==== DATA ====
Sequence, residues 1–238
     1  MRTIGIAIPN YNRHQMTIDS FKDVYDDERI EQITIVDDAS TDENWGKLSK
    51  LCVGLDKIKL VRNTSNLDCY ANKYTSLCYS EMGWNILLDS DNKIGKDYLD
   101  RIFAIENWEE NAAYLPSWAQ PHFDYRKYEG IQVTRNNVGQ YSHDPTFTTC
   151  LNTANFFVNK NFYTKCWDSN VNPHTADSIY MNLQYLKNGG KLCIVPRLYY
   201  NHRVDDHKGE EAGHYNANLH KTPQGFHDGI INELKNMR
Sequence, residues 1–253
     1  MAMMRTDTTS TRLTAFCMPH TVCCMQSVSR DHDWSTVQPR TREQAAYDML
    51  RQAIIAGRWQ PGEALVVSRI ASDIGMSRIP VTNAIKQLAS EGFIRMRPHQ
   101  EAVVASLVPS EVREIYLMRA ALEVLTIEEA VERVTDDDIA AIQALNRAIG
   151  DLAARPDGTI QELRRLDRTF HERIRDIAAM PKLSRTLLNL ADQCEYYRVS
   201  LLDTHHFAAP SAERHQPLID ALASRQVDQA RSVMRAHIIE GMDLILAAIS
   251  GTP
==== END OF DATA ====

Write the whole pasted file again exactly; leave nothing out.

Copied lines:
Sequence, residues 1–238
     1  MRTIGIAIPN YNRHQMTIDS FKDVYDDERI EQITIVDDAS TDENWGKLSK
    51  LCVGLDKIKL VRNTSNLDCY ANKYTSLCYS EMGWNILLDS DNKIGKDYLD
   101  RIFAIENWEE NAAYLPSWAQ PHFDYRKYEG IQVTRNNVGQ YSHDPTFTTC
   151  LNTANFFVNK NFYTKCWDSN VNPHTADSIY MNLQYLKNGG KLCIVPRLYY
   201  NHRVDDHKGE EAGHYNANLH KTPQGFHDGI INELKNMR
Sequence, residues 1–253
     1  MAMMRTDTTS TRLTAFCMPH TVCCMQSVSR DHDWSTVQPR TREQAAYDML
    51  RQAIIAGRWQ PGEALVVSRI ASDIGMSRIP VTNAIKQLAS EGFIRMRPHQ
   101  EAVVASLVPS EVREIYLMRA ALEVLTIEEA VERVTDDDIA AIQALNRAIG
   151  DLAARPDGTI QELRRLDRTF HERIRDIAAM PKLSRTLLNL ADQCEYYRVS
   201  LLDTHHFAAP SAERHQPLID ALASRQVDQA RSVMRAHIIE GMDLILAAIS
   251  GTP